When I tested this soup I forgot to buy bamboo shoots, so I substituted fresh Jerusalem artichokes (also called sunchokes) and they made a delicious, crunchy substitute.
1/4 cup dried cloud ears
1/4 cup lily buds (optional)
1 quart chicken broth preferably homemade
8 ounces firm tofu, rinsed and cut into 1/2-inch cubes
4 ounces fresh shiitake mushrooms, stems removed and caps thinly sliced (about 2 cups)
1/4 cup canned shredded bamboo shoots, rinsed, or 1/4 cup peeled and thinly sliced Jerusalem artichokes
1 tablespoon finely shredded ginger
2 tablespoons cornstarch
2 tablespoons Chinkiang (a type of black rice vinegar) or rice vinegar
1 tablespoon soy sauce
1 large egg, beaten
2 to 3 tablespoons finely minced scallions
2 teaspoons Asian sesame oil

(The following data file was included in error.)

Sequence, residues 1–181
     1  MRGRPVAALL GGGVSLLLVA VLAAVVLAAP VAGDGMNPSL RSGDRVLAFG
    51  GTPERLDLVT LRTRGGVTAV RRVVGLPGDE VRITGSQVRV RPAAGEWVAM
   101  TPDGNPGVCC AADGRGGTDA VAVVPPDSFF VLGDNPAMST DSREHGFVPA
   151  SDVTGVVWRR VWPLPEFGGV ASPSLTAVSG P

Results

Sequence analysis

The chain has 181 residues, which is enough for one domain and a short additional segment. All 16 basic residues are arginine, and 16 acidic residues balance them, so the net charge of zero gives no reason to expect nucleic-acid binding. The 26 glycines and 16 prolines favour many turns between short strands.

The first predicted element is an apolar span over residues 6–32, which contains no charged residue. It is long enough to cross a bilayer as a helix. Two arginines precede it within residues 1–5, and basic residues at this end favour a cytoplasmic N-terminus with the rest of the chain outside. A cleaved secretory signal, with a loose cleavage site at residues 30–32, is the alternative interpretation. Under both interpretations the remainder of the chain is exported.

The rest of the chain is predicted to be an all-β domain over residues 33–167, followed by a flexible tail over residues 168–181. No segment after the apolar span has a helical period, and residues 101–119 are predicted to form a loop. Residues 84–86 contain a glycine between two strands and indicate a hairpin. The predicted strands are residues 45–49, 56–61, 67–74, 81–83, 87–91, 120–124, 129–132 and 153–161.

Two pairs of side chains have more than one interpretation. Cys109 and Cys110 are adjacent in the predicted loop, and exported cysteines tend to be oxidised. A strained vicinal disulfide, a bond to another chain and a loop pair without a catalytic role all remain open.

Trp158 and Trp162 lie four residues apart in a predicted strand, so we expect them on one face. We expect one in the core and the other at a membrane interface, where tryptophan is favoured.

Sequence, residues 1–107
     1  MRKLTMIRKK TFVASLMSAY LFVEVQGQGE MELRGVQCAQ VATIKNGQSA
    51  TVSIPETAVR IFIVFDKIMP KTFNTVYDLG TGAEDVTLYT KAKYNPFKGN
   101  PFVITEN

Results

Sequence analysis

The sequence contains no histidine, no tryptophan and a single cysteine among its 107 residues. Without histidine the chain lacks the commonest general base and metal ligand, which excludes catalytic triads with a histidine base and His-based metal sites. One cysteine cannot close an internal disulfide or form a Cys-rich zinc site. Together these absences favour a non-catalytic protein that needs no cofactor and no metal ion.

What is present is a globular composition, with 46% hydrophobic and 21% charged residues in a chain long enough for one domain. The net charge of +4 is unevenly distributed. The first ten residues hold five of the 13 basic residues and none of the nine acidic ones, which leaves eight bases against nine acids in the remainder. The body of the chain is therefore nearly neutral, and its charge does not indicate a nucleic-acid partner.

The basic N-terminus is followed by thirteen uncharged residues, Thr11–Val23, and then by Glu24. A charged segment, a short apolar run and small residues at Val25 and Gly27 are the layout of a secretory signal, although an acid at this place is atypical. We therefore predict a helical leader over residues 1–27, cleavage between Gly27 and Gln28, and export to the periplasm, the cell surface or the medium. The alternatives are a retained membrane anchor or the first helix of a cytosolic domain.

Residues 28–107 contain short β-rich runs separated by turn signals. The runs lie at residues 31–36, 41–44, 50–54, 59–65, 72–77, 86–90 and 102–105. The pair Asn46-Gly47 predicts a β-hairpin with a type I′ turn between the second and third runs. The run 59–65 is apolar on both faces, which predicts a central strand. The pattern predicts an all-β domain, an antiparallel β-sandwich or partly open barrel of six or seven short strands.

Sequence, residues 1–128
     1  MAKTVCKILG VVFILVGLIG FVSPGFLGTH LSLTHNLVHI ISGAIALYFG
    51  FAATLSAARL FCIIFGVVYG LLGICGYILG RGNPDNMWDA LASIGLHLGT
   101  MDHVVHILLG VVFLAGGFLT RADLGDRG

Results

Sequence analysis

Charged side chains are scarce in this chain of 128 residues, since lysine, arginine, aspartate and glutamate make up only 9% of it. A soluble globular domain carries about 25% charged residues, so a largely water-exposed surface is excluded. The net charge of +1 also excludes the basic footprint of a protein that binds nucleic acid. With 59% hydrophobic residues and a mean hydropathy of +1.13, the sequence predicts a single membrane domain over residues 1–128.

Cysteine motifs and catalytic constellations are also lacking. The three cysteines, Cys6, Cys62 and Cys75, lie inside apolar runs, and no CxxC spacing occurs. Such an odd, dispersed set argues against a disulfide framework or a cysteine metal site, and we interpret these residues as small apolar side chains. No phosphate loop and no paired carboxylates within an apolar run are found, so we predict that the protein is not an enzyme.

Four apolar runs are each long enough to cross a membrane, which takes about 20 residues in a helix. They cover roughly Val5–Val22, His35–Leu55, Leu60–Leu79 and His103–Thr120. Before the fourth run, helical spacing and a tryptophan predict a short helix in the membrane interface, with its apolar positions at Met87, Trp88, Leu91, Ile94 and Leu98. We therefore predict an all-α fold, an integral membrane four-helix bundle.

1/2 teaspoon sugar
1/2 teaspoon white pepper
Place the place cloud ears and the lily buds in separate bowls. Pour about 1/2 cup cold water over each and soak for about 30 minutes to soften. When soften drain each, discarding all water. Remove any hard spots from the cloud ears and cut in half. Remove the hard end from the lily buds and tie them into knots.
In a 2-quart saucepan, bring the broth to a boil over high heat. Add the cloud ears, lily buds, tofu, shiitake mushrooms, bamboo shoots, ginger, and return to a boil. In a small bowl, combine the cornstarch, vinegar and soy sauce until cornstarch is dissolved. When soup returns to a rolling boil, stir in the cornstarch mixture, stirring constantly until thickened, 1 to 2 minutes. Remove from heat and stir in the egg in a thin stream. Add the scallions, sesame oil, sugar, and pepper, cover, and allow egg to just set about 30 seconds. Taste, and adjust the vinegar and pepper if desired. Serve immediately.
This segment aired on February 20, 2015.